Title

Estimation of 6-Degree-of-Freedom (6-DOF) Rigid-Body Patient Motion From Projection Data by the Principal-Axes Method in Iterative Reconstruction

UMMS Affiliation

Department of Radiology

Date

11-1-2006

Document Type

Article

Disciplines

Radiology

Abstract

We developed a unique method for estimating and compensating rigid-body translations and rotations from scatter and-attenuation-compensated projection data in iterative reconstruction when multiple projection angles are acquired at the same time. During reconstruction, both the non-attenuated and attenuated line-integrals are calculated. Their ratios are then multiplied to the scatter-corrected projection data to estimate scatter-and-attenuation- compensated projection data. At the end of each iteration, the sets of compensated projection data for the angles acquired at the same time are employed to calculate the center-of mass and the inertia tensor, which are used to estimate the location and orientation of the imaging object by the principle-axes method. The estimated motion is applied in the next iteration to reposition the estimated slices and attenuation map in the projector and back-projector to match the pose of the patient at time the projections were acquired. To evaluate our method, we simulated an acquisition of the MCAT phantom with a 3-head SPECT system and imaged the Data Spectrum anthropomorphic phantom on a 3-head IRIX SPECT system. In simulations the phantom translated and rotated by the same amount 9 times. A numerical projector modeling the motion, attenuation, and distance-dependent blurring was used to generate the projection data. Poisson noise was added and 30 noise-realizations were generated. In the experiment with the anthropomorphic phantom, four 360-degree acquisitions were performed with the phantom translated or rotated beforehand. A motion-present dataset was made by mixing the 4 acquisitions. For both the MCAT phantom simulations and anthropomorphic phantom experiment, the motion-present data were reconstructed with 10 iterations of the OSEM which estimates and corrects the motion as described above. Our method obtained visually artifact-free reconstructions, while the reconstruction with no motion correction showed severe artifacts. The motion estimated from our method was in good agreement with the motion simulated. We determined in MCAT simulated and actual phantom acquisitions that our data-driven approach was effective reducing motion artifacts.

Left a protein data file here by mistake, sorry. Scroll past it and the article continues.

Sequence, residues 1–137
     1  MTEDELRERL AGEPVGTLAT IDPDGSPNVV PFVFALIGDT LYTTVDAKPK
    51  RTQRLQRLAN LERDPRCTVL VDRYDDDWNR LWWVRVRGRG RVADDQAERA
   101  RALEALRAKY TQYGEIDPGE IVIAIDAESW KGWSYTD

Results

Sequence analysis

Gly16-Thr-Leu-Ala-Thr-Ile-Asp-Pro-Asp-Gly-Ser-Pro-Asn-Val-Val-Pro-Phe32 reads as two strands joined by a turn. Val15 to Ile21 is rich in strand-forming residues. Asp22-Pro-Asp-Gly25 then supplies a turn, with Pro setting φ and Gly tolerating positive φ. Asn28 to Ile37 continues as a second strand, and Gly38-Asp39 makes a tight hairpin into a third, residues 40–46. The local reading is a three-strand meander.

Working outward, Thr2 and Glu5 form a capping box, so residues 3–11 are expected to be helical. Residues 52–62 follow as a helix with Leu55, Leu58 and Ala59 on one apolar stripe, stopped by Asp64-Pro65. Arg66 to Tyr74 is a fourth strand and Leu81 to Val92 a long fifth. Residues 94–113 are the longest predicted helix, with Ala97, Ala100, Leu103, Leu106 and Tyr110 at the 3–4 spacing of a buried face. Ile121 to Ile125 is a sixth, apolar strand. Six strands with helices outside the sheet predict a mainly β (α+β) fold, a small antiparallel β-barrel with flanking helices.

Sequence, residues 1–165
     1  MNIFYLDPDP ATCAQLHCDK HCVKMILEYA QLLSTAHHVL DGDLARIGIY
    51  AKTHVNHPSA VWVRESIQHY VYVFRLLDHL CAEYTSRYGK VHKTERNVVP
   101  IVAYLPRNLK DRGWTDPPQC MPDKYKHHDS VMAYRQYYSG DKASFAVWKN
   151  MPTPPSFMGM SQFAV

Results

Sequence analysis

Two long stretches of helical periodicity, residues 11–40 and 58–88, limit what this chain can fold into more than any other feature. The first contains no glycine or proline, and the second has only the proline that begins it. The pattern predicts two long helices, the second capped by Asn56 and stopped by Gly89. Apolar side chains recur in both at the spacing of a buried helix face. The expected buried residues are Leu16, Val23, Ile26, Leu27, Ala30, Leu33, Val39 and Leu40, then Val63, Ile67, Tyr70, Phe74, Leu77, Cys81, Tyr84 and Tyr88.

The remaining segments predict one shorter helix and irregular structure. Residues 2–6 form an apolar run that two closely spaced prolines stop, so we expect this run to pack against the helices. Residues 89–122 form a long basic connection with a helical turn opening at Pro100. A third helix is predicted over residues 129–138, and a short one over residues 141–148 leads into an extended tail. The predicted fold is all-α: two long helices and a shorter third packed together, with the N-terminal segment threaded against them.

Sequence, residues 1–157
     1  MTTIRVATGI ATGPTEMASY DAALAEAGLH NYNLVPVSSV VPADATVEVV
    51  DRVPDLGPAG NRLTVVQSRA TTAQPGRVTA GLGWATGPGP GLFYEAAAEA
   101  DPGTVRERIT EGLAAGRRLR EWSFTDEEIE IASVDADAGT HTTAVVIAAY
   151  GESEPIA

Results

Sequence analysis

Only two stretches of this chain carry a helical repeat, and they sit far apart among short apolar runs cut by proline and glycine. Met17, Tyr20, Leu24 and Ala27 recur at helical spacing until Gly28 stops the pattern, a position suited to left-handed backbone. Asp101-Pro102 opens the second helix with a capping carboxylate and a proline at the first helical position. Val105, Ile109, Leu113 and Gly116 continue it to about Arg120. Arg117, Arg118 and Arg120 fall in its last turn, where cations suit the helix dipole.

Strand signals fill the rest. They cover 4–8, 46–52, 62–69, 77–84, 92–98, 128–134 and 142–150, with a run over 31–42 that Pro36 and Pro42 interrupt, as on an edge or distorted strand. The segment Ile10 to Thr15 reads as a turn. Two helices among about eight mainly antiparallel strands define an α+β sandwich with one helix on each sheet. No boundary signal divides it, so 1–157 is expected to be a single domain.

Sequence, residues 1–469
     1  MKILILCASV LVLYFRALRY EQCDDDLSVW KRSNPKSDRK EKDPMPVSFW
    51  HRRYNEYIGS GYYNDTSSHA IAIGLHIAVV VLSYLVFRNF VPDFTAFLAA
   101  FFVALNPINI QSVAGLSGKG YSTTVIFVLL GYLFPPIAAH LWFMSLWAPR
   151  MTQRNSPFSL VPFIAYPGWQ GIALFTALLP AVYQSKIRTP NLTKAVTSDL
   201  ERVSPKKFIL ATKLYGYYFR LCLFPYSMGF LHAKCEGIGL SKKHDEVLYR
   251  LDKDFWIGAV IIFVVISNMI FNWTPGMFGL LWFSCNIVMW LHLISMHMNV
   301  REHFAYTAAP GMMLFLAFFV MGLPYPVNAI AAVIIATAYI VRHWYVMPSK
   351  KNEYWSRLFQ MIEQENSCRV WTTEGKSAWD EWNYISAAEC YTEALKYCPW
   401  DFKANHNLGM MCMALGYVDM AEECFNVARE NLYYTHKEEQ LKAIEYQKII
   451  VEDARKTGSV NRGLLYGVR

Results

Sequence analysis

Rights and Permissions

Citation: IEEE Trans Nucl Sci. 2006 Nov;5:2695-2698. Link to article on publisher's site

Related Resources

Link to Article in PubMed

PubMed ID

24817766